Capcom’s remake of RESIDENT EVIL 2 was the most fun I had playing a video game in 2019, so needless to say I was pretty stoked for the follow-up act just over a year later. Like RE2, I’ve never played the original RESIDENT EVIL 3: NEMESIS, but I’ve absorbed enough context through this wacky, labyrinthine series to get the gist of it: Nemesis is a big ugly dude who wants to kill Jill, and so do a bunch of zombies. While the world of story never goes much further than that in any RE title, there’s always at least a SAW movie’s worth of puzzles and deathtraps laying around to build on complexity.
There’s a glimmer of that manic menagerie in the opening minutes of 2020’s RESIDENT EVIL 3: a wacky live-action newscast sets the stage for the zombie outbreak in Raccoon City, followed by a first-person exploration of protagonist Jill’s barricaded apartment, could not have come at a more appropriate time. RE3 remake’s graphics really shine during this segment, as this has been one of the best looking series out there ever since RESIDENT EVIL 7’s total overhaul back in 2017. An explosive entrance by Umbrella Corporation’s zombie hitman Nemesis kicks Jill out of quarantine and into action, and after a frantic escape, some quirky interactions with the city’s escaping populace, and plenty of callbacks for the fans, a promising evacuation narrative is teed up for the player.
Tfw you can finally go outside again
Unfortunately, it wasn’t to be. Supercop Jill immediately comes into possession of a staggering arsenal and proceeds to blast her way straight through Raccoon City’s shockingly linear streets towards the escape chopper, with half-a-dozen Nemesis boss fights punctuating the ordeal. Backtracking is kept at a minimum, puzzles never extend beyond “kill zombies to get key for door,” and essential items like health and ammo are always plentiful. Outside of a few instances where control is switched to Jill’s buddy Carlos, the campaign is a straight shot to the finish line that rarely tests your abilities.
There’s not a lot of game in this game, either. My jaw hung open when I reached the credits after just five hours of gameplay—I average about 10 the first time around on most RE games—and it hit the floor when I realized after some postgame Googling that there were none of the alternate paths, endings, or bonus modes beyond enhanced difficulty settings that last year’s RE2 had spoiled me with. Yes, there is a PvPvE multiplayer mode in the form of RESIDENT EVIL RESISTANCE, but that comes packaged in a completely separate app.
Yet more than anything that didn’t make the jump, I missed the scares from RE2. Mr. X, a runt in comparison to RE3’s stalker, nonetheless frightened the bejeezus out of me everytime he Kool-Aid Manned his way into a room, cornered me in a room full of zombies, or even just stomped around on a floor above me. The maze-like layout of RE2’s police station, with safe points few and far between, made me want to cry at the thought of returning to a previous area when I remembered that the Scary Big Man was patrolling its halls like a cartoon bully. Nemesis, on the other hand, is a pushover. Sure, I’d shit myself if I saw him standing outside my apartment, but in-game he’s a fairly predictable villain who appears at scripted intervals, can either be avoided or defeated pretty easily, and looks like an uncircumcised penis. He’s mostly an unpleasant nuisance, not the soul-draining monster he’s supposed to be.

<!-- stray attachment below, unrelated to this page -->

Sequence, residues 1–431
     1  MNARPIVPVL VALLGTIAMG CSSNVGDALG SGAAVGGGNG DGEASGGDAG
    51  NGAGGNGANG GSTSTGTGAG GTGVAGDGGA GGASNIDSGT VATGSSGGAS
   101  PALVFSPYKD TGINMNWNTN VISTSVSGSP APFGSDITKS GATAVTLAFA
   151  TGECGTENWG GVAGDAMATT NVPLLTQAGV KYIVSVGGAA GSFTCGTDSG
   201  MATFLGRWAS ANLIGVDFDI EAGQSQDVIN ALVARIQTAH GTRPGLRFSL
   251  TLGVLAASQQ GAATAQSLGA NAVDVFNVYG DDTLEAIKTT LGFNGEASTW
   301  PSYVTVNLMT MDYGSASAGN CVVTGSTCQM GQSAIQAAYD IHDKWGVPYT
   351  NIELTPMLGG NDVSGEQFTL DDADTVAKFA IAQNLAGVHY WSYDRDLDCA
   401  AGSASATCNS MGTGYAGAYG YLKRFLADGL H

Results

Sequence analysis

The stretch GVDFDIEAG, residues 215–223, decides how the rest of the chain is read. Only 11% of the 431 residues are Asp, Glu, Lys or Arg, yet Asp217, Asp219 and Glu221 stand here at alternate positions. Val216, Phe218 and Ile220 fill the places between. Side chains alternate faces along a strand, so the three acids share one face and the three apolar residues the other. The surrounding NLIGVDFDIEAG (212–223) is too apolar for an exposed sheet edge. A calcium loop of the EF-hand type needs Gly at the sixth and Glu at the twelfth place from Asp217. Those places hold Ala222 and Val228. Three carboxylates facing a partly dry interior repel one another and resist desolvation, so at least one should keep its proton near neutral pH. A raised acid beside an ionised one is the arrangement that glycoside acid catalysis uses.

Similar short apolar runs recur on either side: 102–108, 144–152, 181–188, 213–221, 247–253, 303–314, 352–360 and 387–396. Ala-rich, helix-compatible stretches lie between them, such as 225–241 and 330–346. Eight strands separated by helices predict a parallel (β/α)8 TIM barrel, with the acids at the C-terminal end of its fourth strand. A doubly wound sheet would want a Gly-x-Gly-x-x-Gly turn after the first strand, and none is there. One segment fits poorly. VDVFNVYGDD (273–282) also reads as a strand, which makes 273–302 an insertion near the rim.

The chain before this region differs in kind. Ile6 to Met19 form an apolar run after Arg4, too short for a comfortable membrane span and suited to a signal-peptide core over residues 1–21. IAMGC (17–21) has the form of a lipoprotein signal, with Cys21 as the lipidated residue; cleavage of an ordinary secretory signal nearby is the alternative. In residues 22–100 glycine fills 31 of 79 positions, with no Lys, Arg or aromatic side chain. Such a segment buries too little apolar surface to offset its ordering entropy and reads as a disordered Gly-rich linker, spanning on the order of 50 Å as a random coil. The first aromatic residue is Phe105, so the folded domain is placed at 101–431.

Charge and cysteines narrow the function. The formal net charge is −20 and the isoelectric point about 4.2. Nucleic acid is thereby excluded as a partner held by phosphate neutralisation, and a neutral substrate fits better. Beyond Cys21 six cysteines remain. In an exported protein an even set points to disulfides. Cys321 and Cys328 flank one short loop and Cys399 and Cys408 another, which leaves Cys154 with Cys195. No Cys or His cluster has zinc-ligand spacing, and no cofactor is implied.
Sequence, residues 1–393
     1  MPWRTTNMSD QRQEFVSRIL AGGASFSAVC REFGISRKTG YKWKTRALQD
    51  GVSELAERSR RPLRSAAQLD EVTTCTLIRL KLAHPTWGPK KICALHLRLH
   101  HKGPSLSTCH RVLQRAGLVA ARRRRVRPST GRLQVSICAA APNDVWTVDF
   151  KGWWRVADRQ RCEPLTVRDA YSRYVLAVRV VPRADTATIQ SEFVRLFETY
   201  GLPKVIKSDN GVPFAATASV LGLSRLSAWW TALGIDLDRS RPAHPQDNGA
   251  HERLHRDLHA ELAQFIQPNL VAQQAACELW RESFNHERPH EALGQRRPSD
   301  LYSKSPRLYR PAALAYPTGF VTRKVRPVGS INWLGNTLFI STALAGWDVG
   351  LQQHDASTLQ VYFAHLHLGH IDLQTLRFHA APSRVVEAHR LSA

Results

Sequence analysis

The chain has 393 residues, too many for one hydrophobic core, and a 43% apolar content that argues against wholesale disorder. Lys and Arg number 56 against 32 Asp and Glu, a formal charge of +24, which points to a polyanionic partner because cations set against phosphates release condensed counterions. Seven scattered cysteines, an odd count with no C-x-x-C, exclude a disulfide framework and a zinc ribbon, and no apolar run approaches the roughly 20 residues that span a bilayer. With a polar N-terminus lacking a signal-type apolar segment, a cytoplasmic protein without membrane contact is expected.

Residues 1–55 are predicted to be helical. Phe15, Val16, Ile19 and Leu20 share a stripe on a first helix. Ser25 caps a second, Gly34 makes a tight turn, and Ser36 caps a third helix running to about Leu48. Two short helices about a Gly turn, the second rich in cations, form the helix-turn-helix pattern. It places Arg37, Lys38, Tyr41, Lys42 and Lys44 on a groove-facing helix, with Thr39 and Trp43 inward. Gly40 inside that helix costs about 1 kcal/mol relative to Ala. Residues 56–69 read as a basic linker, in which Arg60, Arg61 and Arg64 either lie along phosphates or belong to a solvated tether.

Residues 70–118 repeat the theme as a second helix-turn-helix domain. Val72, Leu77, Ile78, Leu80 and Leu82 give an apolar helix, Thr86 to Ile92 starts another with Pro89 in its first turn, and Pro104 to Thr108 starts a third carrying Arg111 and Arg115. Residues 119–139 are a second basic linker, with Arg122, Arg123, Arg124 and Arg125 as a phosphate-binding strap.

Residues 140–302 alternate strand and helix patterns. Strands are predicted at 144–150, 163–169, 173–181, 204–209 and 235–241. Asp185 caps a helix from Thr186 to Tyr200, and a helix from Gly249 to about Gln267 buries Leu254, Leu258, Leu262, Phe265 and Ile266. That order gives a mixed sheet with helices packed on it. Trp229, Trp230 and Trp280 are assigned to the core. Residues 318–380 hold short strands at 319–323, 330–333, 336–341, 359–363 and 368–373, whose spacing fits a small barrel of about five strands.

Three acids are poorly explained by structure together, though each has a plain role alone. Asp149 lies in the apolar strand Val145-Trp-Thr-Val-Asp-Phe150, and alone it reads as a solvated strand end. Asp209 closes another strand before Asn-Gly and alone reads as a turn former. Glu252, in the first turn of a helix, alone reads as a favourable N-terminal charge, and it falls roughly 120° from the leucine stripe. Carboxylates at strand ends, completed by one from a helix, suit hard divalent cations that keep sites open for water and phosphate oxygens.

Capcom kind of shot themselves in the foot with RE3 by knocking it out of the park so thoroughly with RE2. Mr. X wasn’t even a big part of his original game—the guy was a hazard constrained to a handful of rooms—but RE3 is and has always been Nemesis’ show. The set pieces that each encounter is built around are admittedly rad as hell, but the cinematic panache is far cooler than the fights themselves.
This action-heavy approach is ultimately the biggest flaw in RE3, which is ironically the same criticism levied against it back in 1999. Eschewing traditional survival horror design for more guns and explosions can work, but the gameplay needs to adapt to reflect the more gonzo premise. Classic Resident Evil’s tank controls and fixed cameras were claustrophobic and limiting; great for horror, not so much for a power fantasy. The disparity between these two concepts caused the series to decline until RESIDENT EVIL 4 reinvented itself, and third-person shooters, forever. RE3 2020 handles like a jet fighter by comparison, but it’s still nothing compared to the frenetic heights the shooter genre has reached today.
If you squint, this Hunter kind of looks like a Hell Knight from DOOM, a game you should probably pick up instead
RESIDENT EVIL 3’s short runtime and linear structure make it a tough sell to hardcore fans and casual gamers alike. This would absolutely be a knockout Redbox rental if that was still a thing, but at $60, I struggle to even recommend the game to series faithful like myself. When I beat RESIDENT EVIL 2, I immediately started it again to see the other half of the story; when I beat RESIDENT EVIL 3, I immediately uninstalled it to make room on my PS4’s hard drive for better games. That, more than anything, makes me doubt the staying power of Capcom’s latest remake. Here’s hoping they take a different approach with their next game.